## Variable and Fixed Costs

Variable costs are corporate expenses that vary with production output. Variable costs are those costs that vary depending on a company’s production volume; they rise as production increases and fall as production decreases. Variable costs differ from fixed costs such as rent, advertising, insurance and office supplies, which tend to remain the same regardless of production output. Fixed costs and variable costs comprise total cost.

Variable costs can include direct material costs or direct labor costs necessary to complete a certain project. For example, a company may have variable costs associated with the packaging of one of its products. As the company moves more of this product, the costs for packaging will increase. Conversely, when fewer of these products are sold the costs for packaging will consequently decrease.

The variable costs ratio is an expression of a company’s variable production costs as a percentage of sales, calculated as variable costs divided by total revenues. It compares costs that change with levels of production to the amount of revenues generated by production. This contrasts with fixed costs that remain constant regardless of production levels.

Consideration of the variable costs ratio, which can alternately be calculated as 1 – contribution margin ratio, is one factor in determining profitability, since it indicates if a company is achieving, or maintaining, the desirable balance where revenues are rising faster than expenses.

The variable costs ratio quantifies the relationship between revenues and the specific costs of production associated with the revenues. It is a useful evaluation metric for a company’s management in determining necessary minimum profit margins, making profit projections and in identifying the optimal sales price for a product as part of price setting.

The variable costs calculation can be done on a per-unit basis, such as a \$10 variable cost for one unit with a sales price of \$100 giving a variable cost ratio of 0.1 or 10%, or by using totals over a given time period, such as total monthly variable costs of \$1,000 with total monthly revenues of \$10,000 also rendering a variable cost ratio of 0.1 or 10%.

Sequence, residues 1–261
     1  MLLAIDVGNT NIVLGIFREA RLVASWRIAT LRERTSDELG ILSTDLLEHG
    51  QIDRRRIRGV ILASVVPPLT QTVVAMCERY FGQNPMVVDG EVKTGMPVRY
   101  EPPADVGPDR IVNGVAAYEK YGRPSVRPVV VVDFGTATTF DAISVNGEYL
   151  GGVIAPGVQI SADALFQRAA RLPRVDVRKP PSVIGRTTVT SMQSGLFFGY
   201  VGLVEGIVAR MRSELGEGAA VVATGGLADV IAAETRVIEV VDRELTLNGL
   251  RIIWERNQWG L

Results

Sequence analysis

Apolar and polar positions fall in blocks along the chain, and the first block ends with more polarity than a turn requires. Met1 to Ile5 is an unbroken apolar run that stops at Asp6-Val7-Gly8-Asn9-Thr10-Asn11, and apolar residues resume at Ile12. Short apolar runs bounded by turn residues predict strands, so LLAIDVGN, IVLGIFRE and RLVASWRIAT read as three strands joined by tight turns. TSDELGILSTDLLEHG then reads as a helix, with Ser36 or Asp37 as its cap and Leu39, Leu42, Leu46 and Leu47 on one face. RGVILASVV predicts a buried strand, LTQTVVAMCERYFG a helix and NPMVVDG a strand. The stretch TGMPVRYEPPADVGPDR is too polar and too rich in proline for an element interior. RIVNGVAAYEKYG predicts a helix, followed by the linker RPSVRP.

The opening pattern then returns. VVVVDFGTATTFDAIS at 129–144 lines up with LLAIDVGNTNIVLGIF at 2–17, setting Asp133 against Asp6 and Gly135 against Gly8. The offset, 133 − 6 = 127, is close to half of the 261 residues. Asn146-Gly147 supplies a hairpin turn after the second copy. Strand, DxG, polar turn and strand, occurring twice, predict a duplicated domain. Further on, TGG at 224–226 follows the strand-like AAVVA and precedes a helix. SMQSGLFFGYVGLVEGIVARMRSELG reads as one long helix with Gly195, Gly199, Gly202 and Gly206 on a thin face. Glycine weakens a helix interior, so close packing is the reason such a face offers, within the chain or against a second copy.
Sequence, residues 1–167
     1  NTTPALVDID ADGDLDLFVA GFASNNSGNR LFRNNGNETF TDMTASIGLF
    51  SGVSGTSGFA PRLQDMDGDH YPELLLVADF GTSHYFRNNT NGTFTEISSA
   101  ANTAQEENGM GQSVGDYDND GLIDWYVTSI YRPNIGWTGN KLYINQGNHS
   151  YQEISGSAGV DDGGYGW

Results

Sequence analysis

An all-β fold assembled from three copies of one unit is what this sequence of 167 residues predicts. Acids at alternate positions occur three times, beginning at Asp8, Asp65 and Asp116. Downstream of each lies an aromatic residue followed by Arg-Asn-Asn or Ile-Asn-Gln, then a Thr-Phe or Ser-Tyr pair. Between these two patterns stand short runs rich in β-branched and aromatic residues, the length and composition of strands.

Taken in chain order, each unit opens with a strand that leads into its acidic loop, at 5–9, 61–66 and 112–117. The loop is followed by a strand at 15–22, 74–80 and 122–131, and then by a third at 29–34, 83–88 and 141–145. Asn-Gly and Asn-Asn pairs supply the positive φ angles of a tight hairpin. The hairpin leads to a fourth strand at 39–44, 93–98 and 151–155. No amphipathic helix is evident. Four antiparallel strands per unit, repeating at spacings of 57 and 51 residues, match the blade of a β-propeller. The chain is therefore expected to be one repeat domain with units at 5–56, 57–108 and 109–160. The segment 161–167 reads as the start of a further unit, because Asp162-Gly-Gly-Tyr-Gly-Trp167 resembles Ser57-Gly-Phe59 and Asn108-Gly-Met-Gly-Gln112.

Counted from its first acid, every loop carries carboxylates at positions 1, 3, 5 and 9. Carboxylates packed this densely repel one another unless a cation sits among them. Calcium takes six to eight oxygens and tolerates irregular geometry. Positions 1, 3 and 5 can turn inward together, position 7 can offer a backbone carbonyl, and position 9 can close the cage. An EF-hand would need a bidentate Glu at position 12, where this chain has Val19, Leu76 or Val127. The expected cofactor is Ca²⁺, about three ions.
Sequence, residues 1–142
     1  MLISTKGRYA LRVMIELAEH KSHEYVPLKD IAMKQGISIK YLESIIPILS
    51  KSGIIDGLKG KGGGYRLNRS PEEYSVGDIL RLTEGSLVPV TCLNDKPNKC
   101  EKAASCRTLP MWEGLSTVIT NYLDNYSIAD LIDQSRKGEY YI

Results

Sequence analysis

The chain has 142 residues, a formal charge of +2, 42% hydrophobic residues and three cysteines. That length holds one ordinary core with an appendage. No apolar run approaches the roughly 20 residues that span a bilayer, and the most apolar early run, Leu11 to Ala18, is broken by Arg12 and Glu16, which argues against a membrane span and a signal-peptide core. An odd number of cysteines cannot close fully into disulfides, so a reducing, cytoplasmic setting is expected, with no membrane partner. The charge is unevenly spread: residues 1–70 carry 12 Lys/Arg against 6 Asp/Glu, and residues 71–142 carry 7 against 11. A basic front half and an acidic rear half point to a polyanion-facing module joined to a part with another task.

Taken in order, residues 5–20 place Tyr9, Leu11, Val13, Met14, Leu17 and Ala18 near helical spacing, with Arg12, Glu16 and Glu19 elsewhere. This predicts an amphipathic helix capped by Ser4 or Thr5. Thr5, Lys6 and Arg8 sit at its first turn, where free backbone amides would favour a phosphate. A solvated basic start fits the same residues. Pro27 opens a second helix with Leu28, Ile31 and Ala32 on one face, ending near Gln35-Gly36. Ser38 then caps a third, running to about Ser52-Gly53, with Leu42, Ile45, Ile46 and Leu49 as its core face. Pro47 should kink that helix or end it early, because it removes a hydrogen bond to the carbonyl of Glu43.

Fixed Cost

A fixed cost is a cost that does not change with an increase or decrease in the amount of goods or services produced or sold. Fixed costs are expenses that have to be paid by a company, independent of any business activity. It is one of the two components of the total cost of running a business, along with variable cost.

A fixed cost is an operating expense of a business that cannot be avoided regardless of the level of production. Fixed costs are usually used in breakeven analysis to determine pricing and the level of production and sales under which a company generates neither profit nor loss. Fixed costs and variable costs form the total cost structure of a company, which plays a crucial role in ensuring its profitability.

Accountants perform extensive analysis of different expenses to determine whether they are variable or fixed. Higher fixed costs in the total cost structure of a company require it to achieve higher levels of revenues to break even. Fixed costs must be incurred regularly, and they tend to show little fluctuations from period to period. Examples of fixed costs include insurance, interest expense, property taxes, utilities expenses and depreciation of assets. Also, if a company pays annual salaries to its employees irrespective of the number of hours worked, such salaries must be counted as fixed costs. A company’s lease on a building is another common example of fixed costs, which can absorb significant funds especially for retail companies that rent their store premises.

A business must incur variable and fixed costs to produce a given amount of goods. Variable costs per item stay relatively flat, and the total variable costs change proportionately to the number of product items produced. Fixed costs per item decrease with increases in production. Thus, a company can achieve economies of scale when it produces enough goods to spread the same amount of fixed costs over a larger number of units produced and sold. For example, a \$100,000 lease spread out over 100,000 widgets means that each widget carries with it \$1 in fixed costs. If the company produces 200,000 widgets, the fixed cost per unit drops to 50 cents.

Companies with large fixed costs and unchanged variable costs in their production process tend to have the greatest amount of operating leverage. This means that after a company achieves the breakeven point, all else equal any further increases in sale will produce higher profits in proportion to sales increase for a company up to a point where fixed costs per unit sold become negligible. Conversely, decreases in sales volume can produce disproportionately higher declines in profits.

An example of companies with high fixed cost component are utility companies, which have to make large investments in infrastructure and have subsequently large depreciation expenses with relatively stable variable costs per unit of electricity produced.

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